The cicadas are faltering. I still hear their joyful whir in the mornings though not for as long or as energetically as their midsummer chorus. Now in late August, early September, I find their big bodies scattered here and there on the ground. Amid the song of a few I now hear one, a descant, but weak and hesitating, staticky like trying to tune into a station on a transistor radio. My dog and I found one lying on its great back. It seemed dead but when Coco gently nosed it, ready to jump back, it heavily rose and flew away like a tiny, overloaded Zeppelin, gaining just enough altitude to make it to the lower branches of a nearby tree. The other night, we were leaving for dinner and I saw one supine in the driveway. I tried to pass it quickly and get to the car where my family waited but I couldn’t look away. A scattering of tiny ants were approaching the great beast of an insect and then I saw its legs slowly bicycling at intervals. My heart broke for it but I knew even if I moved it to the grass, it would still die and the ants would still get it. And the truth is I didn’t want to touch it. Soon we won’t hear them at all, unseen, singing en masse throughout the trees. They will be replaced by the discordant chirp of fall crickets, harbingers of early nights and golden leaves. Until the day when I will go out and find the crispy brown shells with their bugged out eyes, clinging to a fence, a garbage can, a tree and I will revel once again in the beloved screaming clamor of a new summer.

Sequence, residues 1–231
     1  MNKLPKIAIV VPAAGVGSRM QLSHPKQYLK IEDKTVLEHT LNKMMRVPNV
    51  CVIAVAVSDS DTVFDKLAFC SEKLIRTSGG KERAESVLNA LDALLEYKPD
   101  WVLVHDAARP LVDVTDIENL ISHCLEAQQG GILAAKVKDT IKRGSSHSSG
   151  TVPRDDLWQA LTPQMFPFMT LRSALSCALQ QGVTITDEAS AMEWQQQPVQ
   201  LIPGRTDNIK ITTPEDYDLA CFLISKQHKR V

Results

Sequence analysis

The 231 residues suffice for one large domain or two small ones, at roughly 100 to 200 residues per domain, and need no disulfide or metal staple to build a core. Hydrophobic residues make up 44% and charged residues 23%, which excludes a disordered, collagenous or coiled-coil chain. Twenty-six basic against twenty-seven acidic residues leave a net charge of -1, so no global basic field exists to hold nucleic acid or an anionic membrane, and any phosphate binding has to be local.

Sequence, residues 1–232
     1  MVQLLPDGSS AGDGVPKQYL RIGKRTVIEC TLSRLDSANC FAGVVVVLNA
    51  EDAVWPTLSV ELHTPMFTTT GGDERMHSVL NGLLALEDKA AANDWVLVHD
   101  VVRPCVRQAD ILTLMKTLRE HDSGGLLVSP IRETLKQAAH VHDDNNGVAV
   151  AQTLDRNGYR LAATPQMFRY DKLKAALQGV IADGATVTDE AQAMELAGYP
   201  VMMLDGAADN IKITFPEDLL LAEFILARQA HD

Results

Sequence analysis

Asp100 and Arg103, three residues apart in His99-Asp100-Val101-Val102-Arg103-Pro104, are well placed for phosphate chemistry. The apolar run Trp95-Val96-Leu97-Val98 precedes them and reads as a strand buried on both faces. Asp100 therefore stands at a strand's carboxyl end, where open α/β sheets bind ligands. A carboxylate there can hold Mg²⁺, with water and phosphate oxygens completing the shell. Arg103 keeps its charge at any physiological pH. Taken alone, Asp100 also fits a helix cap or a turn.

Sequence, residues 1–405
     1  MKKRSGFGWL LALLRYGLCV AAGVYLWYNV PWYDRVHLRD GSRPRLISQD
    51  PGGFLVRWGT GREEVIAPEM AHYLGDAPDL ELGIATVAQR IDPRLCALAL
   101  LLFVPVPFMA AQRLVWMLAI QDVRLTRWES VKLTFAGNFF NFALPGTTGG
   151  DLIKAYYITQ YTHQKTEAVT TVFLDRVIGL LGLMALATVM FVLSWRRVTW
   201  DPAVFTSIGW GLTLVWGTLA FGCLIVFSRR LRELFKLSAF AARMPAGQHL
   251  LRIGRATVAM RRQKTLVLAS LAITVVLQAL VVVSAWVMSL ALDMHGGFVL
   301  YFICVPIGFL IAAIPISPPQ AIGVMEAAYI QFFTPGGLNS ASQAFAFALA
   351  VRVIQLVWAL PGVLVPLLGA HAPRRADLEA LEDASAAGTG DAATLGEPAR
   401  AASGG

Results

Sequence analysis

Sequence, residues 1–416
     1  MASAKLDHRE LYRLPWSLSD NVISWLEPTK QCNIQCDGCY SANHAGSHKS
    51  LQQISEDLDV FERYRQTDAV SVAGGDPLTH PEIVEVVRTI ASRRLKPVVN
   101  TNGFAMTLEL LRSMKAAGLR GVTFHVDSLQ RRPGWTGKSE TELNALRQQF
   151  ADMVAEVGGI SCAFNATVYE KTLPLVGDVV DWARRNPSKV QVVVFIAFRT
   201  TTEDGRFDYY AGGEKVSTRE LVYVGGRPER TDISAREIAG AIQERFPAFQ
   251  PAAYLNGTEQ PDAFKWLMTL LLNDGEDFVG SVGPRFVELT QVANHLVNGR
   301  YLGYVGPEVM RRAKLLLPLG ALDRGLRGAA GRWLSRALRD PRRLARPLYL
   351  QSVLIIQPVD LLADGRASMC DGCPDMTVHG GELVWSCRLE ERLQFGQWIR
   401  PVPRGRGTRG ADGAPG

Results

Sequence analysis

Erin lives in a yellow house with her husband, two children and a very brown dog. She loves taking that dog on her last walk of the day, just before bedtime, when she can be alone outside in the night.